Description The field of the invention is that of CDMA wireless signals transmitted from base station to a mobile terminal. Downlink CDMA signals transmitted over wireless channels are subject to fading and distortions due to multipath propagation. This is a well known problem that has attracted a great deal of attention. It is desirable for the receiver to be capable of undoing the channel distortions and recovering the transmitted signal subject to an optimality criterion. Those skilled in the art are aware that various approaches to compensate for distortion referred to as channel equalization is limited by practical considerations such as the amount of computing power that can be placed in the receiver and the time to carry out calculations. Downlink CDMA receivers typically are a linear minimum mean squared error (LMMSE) equalizer, which performs the task of recovering the transmitted signal by minimizing the mean squared error between the transmitted signal and the estimated version of the signal. To facilitate the discussion, we refer to The 90-chip delay between points B and C accounts for the computing time required by the hardware. The new filter is used to equalize the signal received after time C up to time E where the next filter update occurs. This implementation suffers from the “obsolescence” issue. In fast fading environments, the channel impulse response during the C-E interval is completely different from that during the A-B interval. As a result, the equalizer designed during the current block becomes outdated for the next block. One way to resolve this problem could be to bring points A and E closer together so that they lie within a fraction of the channel's coherence time from each other. Doing so, however, shortens the block length and the equalizer estimate becomes unreliable. Alternatively, we could, with the use of a data buffer, equalize each block by using the equalizer estimated from the same block. Unfortunately, this method introduces a demodulation delay that may exceed the maximum allowed by delay-sensitive applications such as voice transmission. Without the one-block filtering delay, the block-adaptive LMMSE equalizer performs well and is widely accepted in the literature: I. Ghauri and D. T. M. Slock, “Linear receivers for the DS-CDMA downlink exploiting orthogonality of spreading sequences,” in Proc. 32 However, when the delay is present, the equalizer performance becomes severely limited and this issue has been given little attention. Note that filtering delay here refers to the time difference between the newest data point contributing to the current equalizer value and the newest data point that gets passed through that equalizer. For example, with reference to paragraphs [0004] and [0005], point B in In previous work, e.g. [1], [2], [3], [4], the block-adaptive LMMSE equalizer was implemented with a data buffer to avoid the filtering delay. As described above, each data block is stored in a buffer while the equalizer is being synthesized from this data. When the synthesis is completed, the data is pushed out of the buffer and passed through that newly synthesized equalizer. This method introduces too large a demodulation delay that may be unacceptable for certain applications such as live voice transmission. The demodulation delay can be reduced by allowing a filtering delay or by shortening the block size. Unfortunately, this scheme reduces the adaptive capability of the LMMSE equalizer under high mobility conditions, or decreases the reliability of the filter estimate due to shrunken sample size. The invention relates to a new technique for block-adaptive computation of the autocorrelation matrix associated with block-adaptive LMMSE equalizers. A feature of the invention is the use of a series of blocks of data that are earlier in time. Another feature of the invention is the weighting of earlier data less than more recent data. Specifically, the present invention adapts block size to the coherence interval of signals received over the channel, and is particularly advantageous in fast-fading channels. To offset the smaller block size in rapidly fading channels, the present invention uses a longer “look-back” of previously received blocks to stabilize the autocorrelation matrix and equalizer as compared to that used when the channel is slowly fading. The aged samples of received blocks are weighted differentially to reflect their relevance to the current channel conditions. According to a particular embodiment is a method of dynamically adjusting a filter in a receiver for changing channel conditions. The method includes receiving a first block of signals over at least one channel; estimating a first correlation matrix for the first block of signals once in an update period P This invention reduces or removes the filtering and demodulation delays existing in block-adaptive LMMSE equalizers, enhances the adaptive capability of block-adaptive LMMSE equalizers, and allows for a flexibility in selecting a proper block size suitable for a given hardware computing speed, tracking and adaptability requirement. For convenience in illustration, To facilitate the discussion, we refer to Specifically, within each small block, an estimate of the autocorrelation matrix, called a slide, is obtained by sample averaging. The sequence of slides is then passed through a filter to obtain the final estimate of the autocorrelation matrix to be used in the filter update. The autocorrelation filter is designed in such a way that it puts a greater importance on more recent data and vice versa. The resulting algorithm is best implemented similarly to most equalization algorithms for wireless receivers. The associated equalizer has the same structure as the ordinary LMMSE equalizer and, hence, the same general form of implementation thereof should be considered. The inventive method can be incorporated in any existing LMMSE equalizer design and requires only a small amount of additional storage and computing elements. Typically, this algorithm can be implemented in software form to be embedded in a general-purpose signal processing chip. A computationally faster alternative would be to implement it in a special-purpose chip. For simplicity, we consider here a multiple-input single-output (MISO) system with one transmit antenna and N receive antennas, although the proposed method is applicable also to the case of multiple transmit antennas without modification. Consider a U-user system where the transmitted signal of the u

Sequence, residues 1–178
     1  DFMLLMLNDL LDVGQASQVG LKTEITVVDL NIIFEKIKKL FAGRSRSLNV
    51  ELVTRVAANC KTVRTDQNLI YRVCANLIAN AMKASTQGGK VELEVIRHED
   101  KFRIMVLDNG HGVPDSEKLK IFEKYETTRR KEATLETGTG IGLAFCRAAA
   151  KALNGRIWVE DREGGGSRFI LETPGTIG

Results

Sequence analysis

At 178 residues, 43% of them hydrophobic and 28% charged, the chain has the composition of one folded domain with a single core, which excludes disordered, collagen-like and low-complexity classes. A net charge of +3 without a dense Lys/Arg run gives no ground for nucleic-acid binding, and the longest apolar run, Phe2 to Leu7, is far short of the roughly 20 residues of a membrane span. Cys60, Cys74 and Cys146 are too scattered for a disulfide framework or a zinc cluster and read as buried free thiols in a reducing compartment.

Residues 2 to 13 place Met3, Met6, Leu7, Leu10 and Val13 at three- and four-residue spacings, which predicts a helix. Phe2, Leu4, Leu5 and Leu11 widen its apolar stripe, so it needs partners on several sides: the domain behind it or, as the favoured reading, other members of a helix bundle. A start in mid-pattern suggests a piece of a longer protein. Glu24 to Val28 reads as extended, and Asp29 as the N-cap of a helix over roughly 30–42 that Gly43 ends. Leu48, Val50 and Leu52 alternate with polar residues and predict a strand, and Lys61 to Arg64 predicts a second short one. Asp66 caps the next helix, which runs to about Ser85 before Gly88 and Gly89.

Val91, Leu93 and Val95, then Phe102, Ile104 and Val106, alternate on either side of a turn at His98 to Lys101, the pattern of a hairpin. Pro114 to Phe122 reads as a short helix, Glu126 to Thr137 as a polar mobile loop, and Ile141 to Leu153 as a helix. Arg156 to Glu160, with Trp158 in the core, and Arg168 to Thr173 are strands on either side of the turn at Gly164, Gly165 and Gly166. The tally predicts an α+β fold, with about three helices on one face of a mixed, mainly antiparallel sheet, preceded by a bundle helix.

The signal impinging upon the r Here, h The class of chip finite impulse response (FIR) LMMSE equalizers minimizes the mean squared error (MSE) criterion